Big Pharma Needs Growth: Two Severely Undervalued Companies Ripe for a Takeover
At any given moment, there are literally hundreds of severely undervalued companies that are ripe for takeovers. In this article, I will focus on the pharmaceutical industry, where many investors have borth struck it rich when they find a blockbuster, and have gone broke with others as the company’s trials fail. This sector can be a bit of a casino, but a wise investor can tip the scales in their favor.
I have spent many hours of research in this sector. My PhD is in epidemiology and so this sector has long been one of my favorites. I am long two big pharma names – Pfizer (NYSE:PFE) and Gilead Sciences (NASDAQ:GILD). Both of these companies are flush with cash, but will eventually need sources of growth. That is why Pfizer and Gilead should be constantly on the lookout for companies that it can either buy outright or propose mergers with. Gilead has long been a growth story, whereas Pfizer has long been a reliable high dividend payer. Both companies and its stocks have been very rewarding. However, it needs to inorganically grow and not just rely on its own research and development teams.
Currently, there are two companies that are severely undervalued in my opinion and can easily be scooped up or absorbed by one of these larger names. Perhaps Pfizer should be most concerned, as its growth has really stalled. The two companies in question that I will discuss are Exelixis (NASDAQ:EXEL) and Synta Pharmaceuticals (NASDAQ:SNTA).
Trading at measly $4.25 per share, Synta may be sitting on a drug that could generate billions in revenue and result in the stock moving magnitudes higher than current levels. Why wouldn’t Pfizer or another competitor step in and scoop it up? The purpose of Synta has a leading anti-cancer drug candidate, ganetespib, which is showing extreme promise. Ganetespib belongs to a new class of drugs known as heat shock protein 90 (Hsp 90) inhibitors. Hsp90 plays a role in the maturation of client proteins, which help cells growth, divide, and survive. Compared to healthy cells, cancer cells are more dependent on elevated levels of Hsp90 to proliferate. As such, inhibiting the production of Hsp90 could stop certain types of cancer. Unlike other targeted therapies that seek out specific mutations — like Pfizer’s Xalkori, which are specifically tailored to seek out and attack specific mutated cells — Hsp90 inhibitors are believed to be able to disrupt several signaling pathways simultaneously to stop tumor cell proliferation.
Why am I so excited about this company? Well, the data is pretty convincing. Treatment with ganetespib has been shown in preclinical models to reduce some aggressive features of tumors, such as the ability to induce the growth of new blood vessels, the ability to spread to other organs in the body, and to resist attack by traditional therapies, such as chemo. Synta is primarily focusing on developing ganetespib as a treatment for non-small-cell lung cancer (or, NSCLC) breast cancer and colorectal cancer. If approved, the drug is expected to hit annual peak sales of $425 million to $600 million.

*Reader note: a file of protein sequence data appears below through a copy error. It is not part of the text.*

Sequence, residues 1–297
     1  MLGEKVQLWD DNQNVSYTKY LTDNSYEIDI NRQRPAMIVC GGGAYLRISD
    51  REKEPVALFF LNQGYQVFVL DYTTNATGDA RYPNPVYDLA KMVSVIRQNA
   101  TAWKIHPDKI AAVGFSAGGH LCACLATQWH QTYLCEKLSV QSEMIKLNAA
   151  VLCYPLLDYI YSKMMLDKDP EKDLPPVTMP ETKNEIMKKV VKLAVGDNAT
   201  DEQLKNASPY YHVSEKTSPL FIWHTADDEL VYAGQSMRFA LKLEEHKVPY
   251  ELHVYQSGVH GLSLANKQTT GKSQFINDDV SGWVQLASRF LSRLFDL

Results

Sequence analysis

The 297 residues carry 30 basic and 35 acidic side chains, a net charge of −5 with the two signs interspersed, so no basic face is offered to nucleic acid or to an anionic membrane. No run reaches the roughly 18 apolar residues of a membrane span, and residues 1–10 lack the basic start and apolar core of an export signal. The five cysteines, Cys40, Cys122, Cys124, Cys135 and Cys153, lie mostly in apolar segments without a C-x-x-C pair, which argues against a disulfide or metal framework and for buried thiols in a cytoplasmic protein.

Here is the one problem: While its anticancer properties are not in question, successful formulation of a drug that can actively treat cancer in patients is indeed in question. It has been tough to move from the biochemistry to the in vivo therapy. If you are looking for the one company with a real shot to get FDA approval for an HsP90 inhibitor, then Synta is the best bet. Let’s review some of the data.
In Synta’s ENCHANT-1 trial, investigators are evaluating the efficacy and safety of ganetespib monotherapy for treatment of HER2+ or triple-negative breast cancer patients previously untreated for locally advanced or metastatic disease. In the overall trial, they are seeking to enroll 35 patients in each cohort. A few months ago, five patients were enrolled into the HER2+ cohort and 15 patients were enrolled into the triple-negative breast cancer cohort and an interim report was given. Of these, four patients in the HER2+ cohort and 11 patients in the triple-negative cohort were evaluated by an independent panel.
Of the four patients in the HER2+ group evaluated, three patients (75 percent) achieved an objective response, including one complete radiological response and two partial responses. One patient (25 percent) in this cohort achieved stable disease. Of the 11 patients in the triple-negative breast cancer cohort that could be evaluated, two patients achieved partial response (18 percent) and five patients achieved stable disease (45 percent), for a total disease control rate of 64 percent. This was quite promising.